A Guide to Papiamento: You’ll be Saying Bon Dia in No Time

While I’ve never been a fan of the tourist phrasebook — perhaps because I have yet to find myself at a stranger’s dinner party where inquisitive locals want to know how many siblings I have — I do believe that learning key phrases enhances your travel experience.

Before arriving at my destination, I try to memorize a few key phrases, in addition to the four essentials of hello, good-bye, please, and thank you. And preparing for my trip to Aruba was no different. I was pleased to see that English and Spanish were widely spoken (check and check), but the official languages of Aruba are Dutch (hallo!) and Papiamento (*crickets*), one I was not familiar with.

Pharmacy in Oranjestad

Bon Bini to Papiamento

Like every curious traveler, I scoured books and online resources for more about Papiamento, which, by the way, is also spoken in Bonaire, Curaçao and Saint Eustatius. There are several theories as to origins of Papiamento. The majority of scholars say it was born from the Cape Verdean language that arrived to the Caribbean as a result of the slave trade. The vernacular expanded to include Portuguese words, including the name Papiamento itself, which is derived from the Portuguese word “papear” (to chat). It later expanded to include words and phrases from other languages and cultures, including the Arawak Indians, to weave a beautiful identity of its own.

The language became widespread and adopted by the Portuguese and Spanish occupiers, until the arrival of the Dutch. In 1815, Papiamento, the language of the majority, became a forbidden language and Dutch became the only language of instruction that was permitted in the schools.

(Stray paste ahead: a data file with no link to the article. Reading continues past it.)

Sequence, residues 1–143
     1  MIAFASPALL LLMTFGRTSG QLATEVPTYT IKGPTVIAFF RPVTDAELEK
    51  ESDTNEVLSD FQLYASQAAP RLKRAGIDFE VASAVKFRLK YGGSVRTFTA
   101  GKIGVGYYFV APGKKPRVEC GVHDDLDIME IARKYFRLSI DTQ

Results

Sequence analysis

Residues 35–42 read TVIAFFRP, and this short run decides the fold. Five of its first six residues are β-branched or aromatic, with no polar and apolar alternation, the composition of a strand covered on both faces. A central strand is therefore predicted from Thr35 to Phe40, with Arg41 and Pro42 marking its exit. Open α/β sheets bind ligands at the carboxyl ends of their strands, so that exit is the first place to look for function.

It took almost 200 years for Papiamento to gain the status of official language in the Islands. Aruba came first. In May 2003, the Aruban government declared Papiamento an official language. Curaçao was the second country, turning Papiamento into an official language in 2007.

Palm trees in Oranjestad

The Dushi Experience

To the ear, it sounds like Portuguese, Spanish, Dutch and African Creole – and I could not get enough of listening to it on the island. This combination of languages conspired to create a word that admittedly at first made me giggle, but then continuously charmed me: Dushi.

Dushi is a Papiamento word that is sort of a catch-all, much like “aloha” is in Hawaiian. It literally means sweet. I was called Mi dushi, a few times as a term of endearment, similar to sweetheart or darling. And if there was ever a word to describe the sugary architecture and delightful locals of Oranjestad, it’s that word.

Watch the reaction of shop attendants when you say, “bon dia!” the daytime greeting in Papiamento, or when you thank the café staff by saying, “masha danki.” This seemingly small gesture goes a long way for an Aruban.

Ban Goza (Let’s Enjoy) Aruba

Papiamento has a rhythm of its own, so it’s important to put the emphasis on the right syllable. But, don’t worry, you’ll be able to pick it up quite quickly. Whether it’s Papiamento or any other language, the effort of speaking to locals in their language adds a new layer to your journey.

Photo of pronunciation guide
Photo by Nothing Ahead on Pexels.com

Papiamento Pocket Guide:

Welcome                            Bon bini

How are you?                    Con ta bai?

Fine, thank you                 Bon, danki

Thank you very much      Masha danki

You’re welcome                Na bo ordo

See you later                     Te aworo

Very good                          Hopi bon

Sweet                                  Dushi

My darling/sweetheart   Mi dushi

A Kiss                                   Un sunchi

Have a nice day                Pasa un bon dia

Goodbye                             Ayo

Good morning                   Bon dia

Good afternoon                Bon tardi

Good night                         Bon nochi

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